BOK keeps key rate frozen for eighth month

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BOK keeps key rate frozen for eighth month


It’s becoming clearer that the Korean central bank will not rush to further loosen the nation’s monetary policy, even when market indicators have been pointing south.

Bank of Korea Gov. Lee Ju-yeol took a cautionary approach and decided to monitor the current situation by freezing the nation’s key interest rate at 1.5 percent for the eighth consecutive month. But the monetary policy committee member’s decision wasn’t unanimous this time around, as some voted in favor of a rate cut.

“It’s true that confidence in the economy has dropped sharply,” Gov. Lee said on Thursday at a press briefing held after the key interest rate decision was made. “It’s because various aspects of the economy have been sluggish while insecurity in the global financial market is having a substantial affect.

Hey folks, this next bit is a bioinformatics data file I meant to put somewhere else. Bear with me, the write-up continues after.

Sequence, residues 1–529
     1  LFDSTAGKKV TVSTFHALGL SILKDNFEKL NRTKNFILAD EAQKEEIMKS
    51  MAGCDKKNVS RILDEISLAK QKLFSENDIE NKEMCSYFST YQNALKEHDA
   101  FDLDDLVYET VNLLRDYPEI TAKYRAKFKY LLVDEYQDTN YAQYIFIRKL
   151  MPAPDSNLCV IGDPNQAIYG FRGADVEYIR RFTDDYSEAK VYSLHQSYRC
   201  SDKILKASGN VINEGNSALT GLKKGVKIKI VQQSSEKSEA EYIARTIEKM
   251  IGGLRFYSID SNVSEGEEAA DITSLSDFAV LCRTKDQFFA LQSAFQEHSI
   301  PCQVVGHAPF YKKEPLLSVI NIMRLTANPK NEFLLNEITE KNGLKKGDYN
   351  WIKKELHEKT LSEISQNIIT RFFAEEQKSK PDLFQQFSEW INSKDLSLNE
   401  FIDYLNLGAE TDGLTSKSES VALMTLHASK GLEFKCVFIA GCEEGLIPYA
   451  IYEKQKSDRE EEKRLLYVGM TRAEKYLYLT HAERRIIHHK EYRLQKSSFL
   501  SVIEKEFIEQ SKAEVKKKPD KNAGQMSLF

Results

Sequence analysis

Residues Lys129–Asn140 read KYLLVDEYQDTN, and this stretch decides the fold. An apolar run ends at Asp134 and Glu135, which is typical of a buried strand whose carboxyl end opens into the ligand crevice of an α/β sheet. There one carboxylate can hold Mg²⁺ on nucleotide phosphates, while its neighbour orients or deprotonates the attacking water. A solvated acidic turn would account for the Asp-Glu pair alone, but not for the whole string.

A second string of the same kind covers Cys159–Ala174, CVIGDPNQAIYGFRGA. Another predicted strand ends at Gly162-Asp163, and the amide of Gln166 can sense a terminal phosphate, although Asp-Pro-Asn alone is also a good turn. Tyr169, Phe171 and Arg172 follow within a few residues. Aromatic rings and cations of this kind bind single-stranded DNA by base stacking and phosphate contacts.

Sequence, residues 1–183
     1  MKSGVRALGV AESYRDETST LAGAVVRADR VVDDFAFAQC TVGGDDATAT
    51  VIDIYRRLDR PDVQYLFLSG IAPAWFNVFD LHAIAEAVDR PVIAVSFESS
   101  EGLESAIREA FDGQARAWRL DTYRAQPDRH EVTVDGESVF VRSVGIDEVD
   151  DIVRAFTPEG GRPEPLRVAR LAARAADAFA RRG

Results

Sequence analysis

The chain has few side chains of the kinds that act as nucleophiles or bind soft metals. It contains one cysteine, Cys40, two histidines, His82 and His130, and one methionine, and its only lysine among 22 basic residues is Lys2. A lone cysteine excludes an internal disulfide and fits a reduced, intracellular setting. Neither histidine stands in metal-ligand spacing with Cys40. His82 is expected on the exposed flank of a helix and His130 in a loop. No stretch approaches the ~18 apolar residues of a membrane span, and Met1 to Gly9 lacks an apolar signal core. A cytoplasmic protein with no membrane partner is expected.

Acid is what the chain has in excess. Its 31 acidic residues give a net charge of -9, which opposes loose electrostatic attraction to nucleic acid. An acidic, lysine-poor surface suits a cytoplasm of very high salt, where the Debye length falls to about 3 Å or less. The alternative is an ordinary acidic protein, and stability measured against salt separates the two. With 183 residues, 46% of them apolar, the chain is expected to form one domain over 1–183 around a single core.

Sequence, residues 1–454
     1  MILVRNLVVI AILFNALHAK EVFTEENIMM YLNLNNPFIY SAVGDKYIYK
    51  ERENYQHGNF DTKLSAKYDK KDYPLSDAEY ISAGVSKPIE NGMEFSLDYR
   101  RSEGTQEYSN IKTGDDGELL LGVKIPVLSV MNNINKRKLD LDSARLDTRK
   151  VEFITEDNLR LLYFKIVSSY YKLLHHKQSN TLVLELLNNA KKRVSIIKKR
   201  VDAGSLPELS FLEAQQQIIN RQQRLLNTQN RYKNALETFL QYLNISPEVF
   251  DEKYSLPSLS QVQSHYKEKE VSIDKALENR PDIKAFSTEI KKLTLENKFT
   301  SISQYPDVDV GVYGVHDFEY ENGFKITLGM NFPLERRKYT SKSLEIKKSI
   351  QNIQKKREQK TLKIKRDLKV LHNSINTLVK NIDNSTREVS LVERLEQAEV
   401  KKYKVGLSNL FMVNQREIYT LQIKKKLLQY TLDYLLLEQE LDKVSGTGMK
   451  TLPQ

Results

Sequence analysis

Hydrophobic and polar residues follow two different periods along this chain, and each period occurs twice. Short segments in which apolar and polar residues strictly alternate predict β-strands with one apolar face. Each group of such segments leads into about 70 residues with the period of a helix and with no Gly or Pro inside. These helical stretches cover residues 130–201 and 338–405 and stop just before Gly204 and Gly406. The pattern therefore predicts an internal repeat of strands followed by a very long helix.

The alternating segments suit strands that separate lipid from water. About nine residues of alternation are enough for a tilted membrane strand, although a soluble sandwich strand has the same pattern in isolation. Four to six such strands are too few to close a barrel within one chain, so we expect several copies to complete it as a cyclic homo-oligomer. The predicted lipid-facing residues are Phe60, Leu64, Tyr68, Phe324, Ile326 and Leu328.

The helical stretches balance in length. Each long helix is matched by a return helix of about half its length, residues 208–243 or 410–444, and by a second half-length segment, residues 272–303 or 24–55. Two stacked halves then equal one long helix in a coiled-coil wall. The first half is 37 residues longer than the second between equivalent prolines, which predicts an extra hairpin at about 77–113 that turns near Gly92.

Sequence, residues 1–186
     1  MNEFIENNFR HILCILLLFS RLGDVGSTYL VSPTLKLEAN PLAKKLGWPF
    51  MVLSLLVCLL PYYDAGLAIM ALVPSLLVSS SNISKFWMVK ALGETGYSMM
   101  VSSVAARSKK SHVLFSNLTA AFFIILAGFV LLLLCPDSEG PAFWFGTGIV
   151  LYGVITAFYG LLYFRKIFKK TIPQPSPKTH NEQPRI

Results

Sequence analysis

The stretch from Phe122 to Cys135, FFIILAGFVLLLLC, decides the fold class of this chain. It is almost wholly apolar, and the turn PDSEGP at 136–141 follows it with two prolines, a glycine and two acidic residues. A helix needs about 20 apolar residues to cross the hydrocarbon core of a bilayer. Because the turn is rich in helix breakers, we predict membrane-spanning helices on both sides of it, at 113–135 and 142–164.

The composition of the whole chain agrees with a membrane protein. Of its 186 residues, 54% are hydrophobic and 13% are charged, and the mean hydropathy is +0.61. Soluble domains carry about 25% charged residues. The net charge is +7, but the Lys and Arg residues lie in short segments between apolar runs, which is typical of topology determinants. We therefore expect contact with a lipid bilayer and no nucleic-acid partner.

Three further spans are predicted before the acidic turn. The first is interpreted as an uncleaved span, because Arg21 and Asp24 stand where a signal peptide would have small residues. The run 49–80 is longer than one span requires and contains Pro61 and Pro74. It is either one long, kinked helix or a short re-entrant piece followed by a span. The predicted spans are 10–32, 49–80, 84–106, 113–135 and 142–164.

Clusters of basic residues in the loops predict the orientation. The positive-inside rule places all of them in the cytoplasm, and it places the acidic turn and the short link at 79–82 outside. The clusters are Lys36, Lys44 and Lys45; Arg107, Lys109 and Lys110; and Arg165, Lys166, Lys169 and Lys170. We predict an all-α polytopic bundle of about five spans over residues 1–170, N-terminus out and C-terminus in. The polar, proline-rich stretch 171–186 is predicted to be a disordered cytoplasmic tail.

“There are certain expectations on the affect when pursuing interest policy but at a time when there are uncertainties caused by the external factors, the channels in which the monetary policy could influence the real economy could be limited.”

Market experts agree that the BOK is unlikely to lower the key interest rates in the immediate future.

“The BOK is likely to cut only when it has sufficient evidence that domestic consumption growth is slowing substantially, coupled with signs of reduced financial market volatility and a moderation in household debt growth,” said Joseph Incalcaterra, an economist at HSBC. “We forecast a 25 basis point cut to the policy rate in the second quarter following a downward revision to the BOK’s growth forecast in April.”

However, the biggest change by the governor is his less pessimistic view on the economy. Earlier, the central bank chief’s view was less optimistic, and included statements like, “Although spring has come, spring for the economy has yet to arrive.

But during the press briefing Thursday, Lee said that although his view on the current situation has not changed, he still believes positive signs are emerging.

“As I said a month ago, we are surrounded by uncertainties caused by growing downward risks affected from continuing struggles in exports and weakening confidence,” Lee said. “But there are also positive signs such as the rebounding of crude prices ... and U.S. economic data.”

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